Congolese election officials, rejecting independent assessments that a prominent opposition figure was the runaway winner of the recent presidential election, on Thursday bestowed victory on a candidate considered more acceptable to the departing President Joseph Kabila.
The decision dashed hopes that the Democratic Republic of Congo might experience its first undisputed transfer of power by the ballot box since independence six decades ago. And it was unclear how it would sit with the population.
Still, however malleable the declared winner, Felix Tshisekedi, may seem to Mr. Kabila, he was not his first choice. Mr. Kabila had backed a top aide to succeed him.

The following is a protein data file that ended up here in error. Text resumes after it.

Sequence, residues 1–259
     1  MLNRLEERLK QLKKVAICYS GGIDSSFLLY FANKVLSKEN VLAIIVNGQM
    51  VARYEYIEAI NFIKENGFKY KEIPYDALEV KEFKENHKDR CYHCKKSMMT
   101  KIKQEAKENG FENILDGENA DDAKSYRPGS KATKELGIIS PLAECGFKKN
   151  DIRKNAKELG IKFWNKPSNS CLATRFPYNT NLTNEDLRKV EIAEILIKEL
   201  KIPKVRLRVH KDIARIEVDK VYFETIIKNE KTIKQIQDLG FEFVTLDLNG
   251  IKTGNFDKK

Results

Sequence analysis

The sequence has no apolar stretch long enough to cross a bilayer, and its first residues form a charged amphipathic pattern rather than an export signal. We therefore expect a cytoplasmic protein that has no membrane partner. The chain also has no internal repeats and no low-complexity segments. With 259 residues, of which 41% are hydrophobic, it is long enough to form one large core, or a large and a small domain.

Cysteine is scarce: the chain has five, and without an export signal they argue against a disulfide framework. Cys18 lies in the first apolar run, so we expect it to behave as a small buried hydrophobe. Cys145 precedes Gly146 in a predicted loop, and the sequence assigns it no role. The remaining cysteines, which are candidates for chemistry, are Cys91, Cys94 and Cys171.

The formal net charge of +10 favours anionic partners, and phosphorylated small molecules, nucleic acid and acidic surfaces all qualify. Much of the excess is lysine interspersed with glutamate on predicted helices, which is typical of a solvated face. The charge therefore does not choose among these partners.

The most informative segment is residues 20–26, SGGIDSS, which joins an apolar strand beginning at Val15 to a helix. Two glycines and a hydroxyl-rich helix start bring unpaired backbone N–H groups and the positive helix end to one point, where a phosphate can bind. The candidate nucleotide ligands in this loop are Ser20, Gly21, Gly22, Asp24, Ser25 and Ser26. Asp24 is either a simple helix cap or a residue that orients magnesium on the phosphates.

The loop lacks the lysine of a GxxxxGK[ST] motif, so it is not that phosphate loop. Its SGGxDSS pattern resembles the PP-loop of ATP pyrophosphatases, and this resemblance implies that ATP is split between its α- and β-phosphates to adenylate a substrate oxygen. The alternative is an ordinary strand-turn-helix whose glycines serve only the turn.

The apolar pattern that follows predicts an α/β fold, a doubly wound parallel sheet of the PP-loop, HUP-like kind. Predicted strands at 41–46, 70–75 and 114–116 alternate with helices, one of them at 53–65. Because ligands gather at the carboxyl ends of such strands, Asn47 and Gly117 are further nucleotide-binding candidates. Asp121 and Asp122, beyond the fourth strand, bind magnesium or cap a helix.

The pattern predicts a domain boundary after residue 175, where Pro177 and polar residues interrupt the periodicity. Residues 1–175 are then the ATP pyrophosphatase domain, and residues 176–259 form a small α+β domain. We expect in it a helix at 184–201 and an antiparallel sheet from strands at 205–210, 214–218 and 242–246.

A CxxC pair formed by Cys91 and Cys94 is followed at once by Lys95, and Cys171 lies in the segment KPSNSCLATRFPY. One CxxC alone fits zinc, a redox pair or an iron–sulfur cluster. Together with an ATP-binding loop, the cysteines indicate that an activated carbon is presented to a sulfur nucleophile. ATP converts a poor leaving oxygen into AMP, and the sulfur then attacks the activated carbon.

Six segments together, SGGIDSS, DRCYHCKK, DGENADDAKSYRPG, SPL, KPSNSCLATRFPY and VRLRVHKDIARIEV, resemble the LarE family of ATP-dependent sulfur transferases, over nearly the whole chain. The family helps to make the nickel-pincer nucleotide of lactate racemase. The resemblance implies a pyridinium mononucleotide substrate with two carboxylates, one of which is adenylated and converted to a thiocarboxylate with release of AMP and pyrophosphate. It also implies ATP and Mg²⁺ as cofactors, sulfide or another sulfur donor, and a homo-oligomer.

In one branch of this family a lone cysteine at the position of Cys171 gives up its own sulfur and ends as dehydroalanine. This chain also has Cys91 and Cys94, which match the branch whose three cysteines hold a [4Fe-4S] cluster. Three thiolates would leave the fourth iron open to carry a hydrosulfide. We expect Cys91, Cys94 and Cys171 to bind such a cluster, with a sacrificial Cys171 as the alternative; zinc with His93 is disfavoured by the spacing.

The election commission’s early-morning announcement amounted to a startling official admission that Mr. Kabila’s candidate had suffered a defeat so big that his government — in power for 18 years — could not simply hand him the presidency without risking widespread violence and international condemnation.
But Mr. Tshisekedi had not been seen as the top vote-getter; he was declared the victor on Thursday amid speculation that his campaign had reached some kind of a power-sharing agreement with the Kabila government.